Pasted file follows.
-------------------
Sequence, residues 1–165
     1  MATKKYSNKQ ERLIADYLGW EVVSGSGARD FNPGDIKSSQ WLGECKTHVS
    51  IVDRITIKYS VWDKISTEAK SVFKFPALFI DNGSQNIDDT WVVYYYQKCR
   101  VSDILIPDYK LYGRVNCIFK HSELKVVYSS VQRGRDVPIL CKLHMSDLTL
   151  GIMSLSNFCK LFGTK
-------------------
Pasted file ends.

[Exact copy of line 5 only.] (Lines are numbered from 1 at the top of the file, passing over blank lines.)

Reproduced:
   151  GIMSLSNFCK LFGTK